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Pembroke Hall + Baggot Street Dublin

When Angels Come Calling

It’s all change on and off Baggot Street in Ballsbridge, south Dublin. The Unicorn and l’Écrivain restaurants are history. Larry Murphy’s watering hole has closed although Searson’s and The Waterloo continue to serve thirsty customers. Wilton Place, where Baggot Street meets the canal, is being transformed. Wilton Park House and the other office blocks are demolished, waiting to be replaced by architects Henry John Lyons’ on trend glazed office led mixed use scheme which will include LinkedIn’s European headquarters.

Wilton Park House was the home of the Industrial Development Agency. Architects Tyndall Hogan Hurley’s block was, perhaps, an acquired taste, an unforgiving sort of beauty, but it had an impressive fortress-like appearance with its granite walls and horizontal bands of irregular spaced windows interspersed with stainless steel panels. Those windows held significance: the higher the grade of IDA manager, the more windows they could claim for their office. Not every commercial building can boast of status denoting fenestration. Hierarchy continued with the tea trolley: plain biscuits on the first to fifth floors; chocolate coated biscuits for senior management on the top floor. The ground floor staff restaurant serving subsidised meals was a place for everyone to gain their “IDA stone”.

Pembroke Road is a continuation of Baggot Street to the south of the canal. Little has changed along this stretch of grand Georgian terraces and villas. Architectural details only have been updated. Dublin based architect John O’Connell points out, “The patent reveals of the sash windows were painted white in Victorian times to reflect light.” Pembroke Hall on Pembroke Road is a tall two bay three storey over basement mid terrace townhouse. It has that wall to window ratio so pleasing to the eye that Dublin does best. And of course a grand doorcase with fanlight. An internal fanlight extends natural light through the entrance hall and up the staircase.

The house has been sensitively restored and converted to accommodate 12 bedrooms for holiday lets. Contemporary furnishings include steel framed desks designed by Patrick McKenna of Wabi Sabi and headboards designed by Helle Moyna of Nordic Elements. There’s more change to the southeast of Pembroke Hall. The Berkeley Hotel (famous for its late 20th century tapestries) and Jury’s Inn (infamous for its all-nighter Coffee Dock) have been replaced by new luxury apartment blocks called Lansdowne Place.

Over to Pembroke Hall owners Ian and Hilary McCarthy: “Ballsbridge has a wonderful history that goes back to the Viking invasions of the 8th and 9th centuries. A legendary battle was fought here between the Irish and the invading Danes. A Viking grave and burial mound was uncovered not far from where Pembroke Hall is today. Medieval Dublin was a sprawling city served by two major roads. You can still walk along the route today from St Stephen’s Green to Merrion Row and along Pembroke Street, then on across the River Dodder and south to the sea at Blackrock.”

Ballsbridge – or ‘Balls Bridge’ as it was then – was and still is a prosperous settlement. It had a linen and cotton printers, a paper mill and a gunpowder factory. The farmland that surrounded it was owned by the Fitzwilliam family. In 1833 it was inherited by George Herbert, the 11th Earl of Pembroke. It was George Herbert who created the Pembroke Road you see today which was and is part of the larger Pembroke Estate in Dublin.”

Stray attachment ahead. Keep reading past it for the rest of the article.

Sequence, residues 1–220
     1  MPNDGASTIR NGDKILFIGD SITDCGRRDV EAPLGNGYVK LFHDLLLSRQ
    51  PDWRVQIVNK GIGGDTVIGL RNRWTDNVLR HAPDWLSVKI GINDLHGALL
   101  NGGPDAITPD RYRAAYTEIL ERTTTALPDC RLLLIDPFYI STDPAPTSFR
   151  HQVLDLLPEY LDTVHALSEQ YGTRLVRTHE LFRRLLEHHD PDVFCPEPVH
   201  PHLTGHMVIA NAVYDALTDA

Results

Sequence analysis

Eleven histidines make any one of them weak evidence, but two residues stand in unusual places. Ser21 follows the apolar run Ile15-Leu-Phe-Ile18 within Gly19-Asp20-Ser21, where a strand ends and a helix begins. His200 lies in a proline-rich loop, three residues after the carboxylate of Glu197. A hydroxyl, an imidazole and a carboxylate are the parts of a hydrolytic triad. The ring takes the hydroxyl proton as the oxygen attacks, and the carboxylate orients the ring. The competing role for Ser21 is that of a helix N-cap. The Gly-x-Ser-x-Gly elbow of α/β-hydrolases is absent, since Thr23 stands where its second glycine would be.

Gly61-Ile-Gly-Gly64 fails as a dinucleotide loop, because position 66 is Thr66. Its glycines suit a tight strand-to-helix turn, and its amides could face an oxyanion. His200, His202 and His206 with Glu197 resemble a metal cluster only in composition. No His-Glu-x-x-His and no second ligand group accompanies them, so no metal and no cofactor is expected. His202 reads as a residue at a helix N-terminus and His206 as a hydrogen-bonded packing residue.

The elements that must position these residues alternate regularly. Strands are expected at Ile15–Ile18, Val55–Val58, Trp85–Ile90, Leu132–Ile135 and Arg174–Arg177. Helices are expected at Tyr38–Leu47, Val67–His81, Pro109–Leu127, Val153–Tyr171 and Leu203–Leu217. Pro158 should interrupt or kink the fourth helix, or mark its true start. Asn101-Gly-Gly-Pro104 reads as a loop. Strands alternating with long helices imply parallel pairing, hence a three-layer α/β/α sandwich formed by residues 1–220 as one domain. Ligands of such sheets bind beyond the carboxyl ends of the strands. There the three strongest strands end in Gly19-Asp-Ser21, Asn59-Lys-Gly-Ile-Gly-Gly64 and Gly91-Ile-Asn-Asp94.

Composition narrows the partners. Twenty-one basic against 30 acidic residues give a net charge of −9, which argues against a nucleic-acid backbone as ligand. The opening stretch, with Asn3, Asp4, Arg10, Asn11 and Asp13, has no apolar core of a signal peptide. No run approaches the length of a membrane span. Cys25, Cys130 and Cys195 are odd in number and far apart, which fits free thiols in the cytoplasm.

Georgian Dublin was one of the most fashionable cities in Europe. Wealthy aristocracy lived in tall elegant terraces of brick houses of which No.76 Pembroke Road is one. George Herbert’s lands were close to the city’s three most beautiful Georgian garden squares: Fitzwilliam Square, Merrion Square and St Stephen’s Green. He built magnificent residences all along Pembroke Road. His name lives on in one of Dublin’s grandest wide boulevards and his name is remembered at Pembroke Hall.”

“We acquired the house in 2017. It had been in use as a guesthouse previously but it was closed for some years after the economic difficulties of 2008. We refurbished the house extensively over six to eight months, keeping faith with its history and historic features. Our online reviews are nine plus and we are delighted and thankful for that.”

“We believe Pembroke Hall is very special. We want to provide guests with a very comfortable experience when they, stay based on three elements: a good night’s sleep in a super comfy king or super king sized bed; excellent WiFi; and a super shower. We decided not to do food because our location is minutes away from fantastic eateries that provide wonderful food all day. We are just a 15 to 20 minute walk from the city centre.”

“Our location is wonderful. The Aviva Stadium is moments away and is the home of Irish rugby and soccer. On 13 November 2021 Ireland won against the All Blacks at the stadium – our third victory against this world winning team! There are an array of local eateries, parks and transport facilities on our doorstep. You can walk to the city centre for shopping, Trinity College, Dublin Castle, government buildings and Dublin’s wonderful art galleries. Not forgetting the Guinness Storehouse too. We hope this gives you a feel and flavour for Pembroke Hall.”

24 replies on “Pembroke Hall + Baggot Street Dublin”

Just saw your alert. Yes the Unicorn was where everyone hung out. Think it was owned by male twins, long since disappeared.

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